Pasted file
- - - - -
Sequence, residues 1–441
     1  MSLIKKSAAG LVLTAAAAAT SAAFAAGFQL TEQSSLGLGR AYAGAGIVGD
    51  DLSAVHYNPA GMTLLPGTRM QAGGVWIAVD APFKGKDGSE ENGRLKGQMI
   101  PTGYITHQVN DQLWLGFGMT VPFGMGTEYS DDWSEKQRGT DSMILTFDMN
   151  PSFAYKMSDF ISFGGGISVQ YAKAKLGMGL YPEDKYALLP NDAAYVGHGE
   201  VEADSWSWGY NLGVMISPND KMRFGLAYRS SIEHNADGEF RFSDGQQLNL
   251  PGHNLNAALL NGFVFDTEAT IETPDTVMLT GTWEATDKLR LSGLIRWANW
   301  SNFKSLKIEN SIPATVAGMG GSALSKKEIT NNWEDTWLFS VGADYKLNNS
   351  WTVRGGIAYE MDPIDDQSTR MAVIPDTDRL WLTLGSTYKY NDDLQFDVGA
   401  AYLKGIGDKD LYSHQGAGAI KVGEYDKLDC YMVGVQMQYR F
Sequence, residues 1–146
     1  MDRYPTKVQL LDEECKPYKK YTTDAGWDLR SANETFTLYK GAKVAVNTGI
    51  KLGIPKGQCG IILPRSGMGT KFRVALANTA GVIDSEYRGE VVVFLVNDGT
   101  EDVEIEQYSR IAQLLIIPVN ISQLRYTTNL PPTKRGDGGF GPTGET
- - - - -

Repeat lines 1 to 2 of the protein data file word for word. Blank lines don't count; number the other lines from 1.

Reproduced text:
Sequence, residues 1–441
     1  MSLIKKSAAG LVLTAAAAAT SAAFAAGFQL TEQSSLGLGR AYAGAGIVGD